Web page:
The marriage between Carroll Shelby and the Ford Motor Company began in early 1965 when Ford wanted to take a shot at the performance market dominated by GM's Corvette. Unveiled by Shelby on January 27, 1965, the modified Mustang fastback had a few subtle exterior changes: a fiberglass hood with functional scoop, a clean-looking grille and a tri-colored running horse on the driver's side of the grille. All Shelbys in 1965 were Wimbledon White, with a blue GT 350 side stripe below the door. Le Mans stripes running down the center of the body were available as a dealer option. The interior was available in black only and featured a roll bar and a flat-rimmed, three-spoke wooden steering wheel. A special instrument panel in the center of the dash held a large oil-pressure gauge and tachometer. The GT 350 also featured competition seat belts. A special aluminum intake manifold increased the solid-lifter, Hi-Po 289's horsepower from 271 to 306. Exhaust from the Tri-Y headers exited in front of the rear wheels. All '65 Shelbys had Borg-Warner T-10 four-speeds with 9" Detroit "No-Spin" differentials. Extensive suspension work was a GT 350 hallmark, with a large front stabilizer bar, special steering box, lowered front lower A-frames, Koni shocks and traction bars. The front section was stiffened considerably with an export brace and a Monte Carlo bar. The battery was relocated to the trunk for improved weight distribution on the first 300 cars. The GT 350 pictured has all matching numbers, with history documented in the Shelby American World Registry. It has undergone an extremely thorough nut-and-bolt restoration by one of the top Shelby restoration shops in the country. It recently finished second in the Shelby Nationals and sports an R-type racing front air dam. (Original chrome bumpers are included in the sale.) More desirable than the considerably more common 1966 models, this pristine '65 Shelby GT 350 represents the best of American muscle car engineering at the time.

SCM Analysis


The car described here sold for a high bid of $68,200, including commission, at the RM Classic Car Auction held in Amelia Island, Florida, March 11, 2000.

Under the banner of “Total Performance,” Ford was hell-bent to become the performance car manufacturer in 1965. General Motors had (again) withdrawn their official support of motor racing, netting the 427 Galaxie forty-eight wins in NASCAR competition that year. Even the mom-and-pop Fairlane was available with a Hi-Po 289, but it was the Mustang that shook up the competition in the showrooms and the race track with over 500,000 cars sold that year. Only 35% of the Mustangs built had a six-cylinder engine. Clearly, performance was the name of the game and Ford upped the ante with the group of fastbacks shipped to Shelby for “treatment.” Priced at almost $2,000 more than a box-stock Mustang 2+2, the GT 350 wasn’t a cheap pony, but even at $500 more than a ’65 Corvette (with fuel injection), Ford easily sold all the cars built, with a view of bigger production numbers in 1966.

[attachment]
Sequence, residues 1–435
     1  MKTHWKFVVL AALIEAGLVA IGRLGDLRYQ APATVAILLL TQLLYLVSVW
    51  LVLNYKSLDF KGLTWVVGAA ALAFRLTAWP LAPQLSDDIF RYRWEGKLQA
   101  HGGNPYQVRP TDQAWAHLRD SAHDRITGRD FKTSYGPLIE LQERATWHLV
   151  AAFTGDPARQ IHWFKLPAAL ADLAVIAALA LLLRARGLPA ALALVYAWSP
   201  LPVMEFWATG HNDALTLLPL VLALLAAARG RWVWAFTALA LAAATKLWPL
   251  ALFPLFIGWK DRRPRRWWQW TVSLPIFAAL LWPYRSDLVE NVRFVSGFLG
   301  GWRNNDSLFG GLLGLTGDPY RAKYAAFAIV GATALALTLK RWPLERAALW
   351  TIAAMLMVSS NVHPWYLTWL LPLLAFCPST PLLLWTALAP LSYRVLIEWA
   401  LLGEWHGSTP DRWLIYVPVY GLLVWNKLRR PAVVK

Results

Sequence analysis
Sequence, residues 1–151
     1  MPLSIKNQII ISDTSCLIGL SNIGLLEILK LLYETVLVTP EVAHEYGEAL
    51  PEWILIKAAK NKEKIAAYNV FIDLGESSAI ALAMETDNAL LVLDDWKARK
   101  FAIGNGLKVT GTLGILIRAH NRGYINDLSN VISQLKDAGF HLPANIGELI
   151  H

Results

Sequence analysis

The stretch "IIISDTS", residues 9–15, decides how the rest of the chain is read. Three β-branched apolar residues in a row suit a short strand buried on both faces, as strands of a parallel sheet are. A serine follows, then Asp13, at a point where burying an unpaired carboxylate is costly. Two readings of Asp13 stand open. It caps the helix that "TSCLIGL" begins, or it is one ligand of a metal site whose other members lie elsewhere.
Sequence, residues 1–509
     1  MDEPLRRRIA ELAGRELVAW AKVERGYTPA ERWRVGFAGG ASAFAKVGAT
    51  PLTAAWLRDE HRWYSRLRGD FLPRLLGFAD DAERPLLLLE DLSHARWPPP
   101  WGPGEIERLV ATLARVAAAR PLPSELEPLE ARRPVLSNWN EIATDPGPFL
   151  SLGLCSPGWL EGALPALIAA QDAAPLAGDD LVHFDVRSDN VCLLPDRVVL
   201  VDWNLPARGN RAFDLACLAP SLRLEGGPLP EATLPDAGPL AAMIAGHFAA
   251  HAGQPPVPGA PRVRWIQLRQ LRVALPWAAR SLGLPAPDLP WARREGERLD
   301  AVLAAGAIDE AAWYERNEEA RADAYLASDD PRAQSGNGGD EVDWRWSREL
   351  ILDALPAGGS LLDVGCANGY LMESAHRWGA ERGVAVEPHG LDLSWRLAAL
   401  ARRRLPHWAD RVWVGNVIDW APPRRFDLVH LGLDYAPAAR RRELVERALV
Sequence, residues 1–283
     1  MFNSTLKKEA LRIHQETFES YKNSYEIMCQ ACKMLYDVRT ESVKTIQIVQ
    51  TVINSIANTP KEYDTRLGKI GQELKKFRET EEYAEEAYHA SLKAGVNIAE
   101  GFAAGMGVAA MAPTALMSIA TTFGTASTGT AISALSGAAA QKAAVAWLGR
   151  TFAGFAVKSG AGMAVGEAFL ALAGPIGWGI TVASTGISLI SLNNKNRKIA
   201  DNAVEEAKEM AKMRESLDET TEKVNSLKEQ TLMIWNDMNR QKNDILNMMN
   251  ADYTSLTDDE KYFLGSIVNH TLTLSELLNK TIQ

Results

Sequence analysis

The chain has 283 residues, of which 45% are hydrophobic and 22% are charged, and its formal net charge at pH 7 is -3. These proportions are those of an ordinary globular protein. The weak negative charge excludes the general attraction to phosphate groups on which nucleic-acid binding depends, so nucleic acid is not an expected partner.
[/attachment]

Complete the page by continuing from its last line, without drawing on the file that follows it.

It is interesting that Ford did not seek out homologation or SCCA approval for the coupe or fastback in ’65. A clever move, allowing Shelby to submit the cars in GT 350 guise as production sports cars and not sedans. This allowed the Shelbys to have a go at the “B Production” Corvettes, something they couldn’t have done as sedans. Result? Three B Production championships on the track and buyers who were willing to spend more than the price of a ’65 Corvette fuelie just to have a replica of Shelby’s white racer.

Today, this is still true with top-notch, restored cars valued at $65,000, tidy, well- preserved cars at $55,000 and tired street cars at $40-45,000. This car, described by the SCM auction reporter as condition 1, would be hard to duplicate with the scarcity of GT 350s currently on the market. Its second place at the Shelby Nationals shows that this car passed the scrutiny of the SAAC judges as genuine and proper. This GT 350 was a fair deal, and a good investment, at the purchase price of $68,200.

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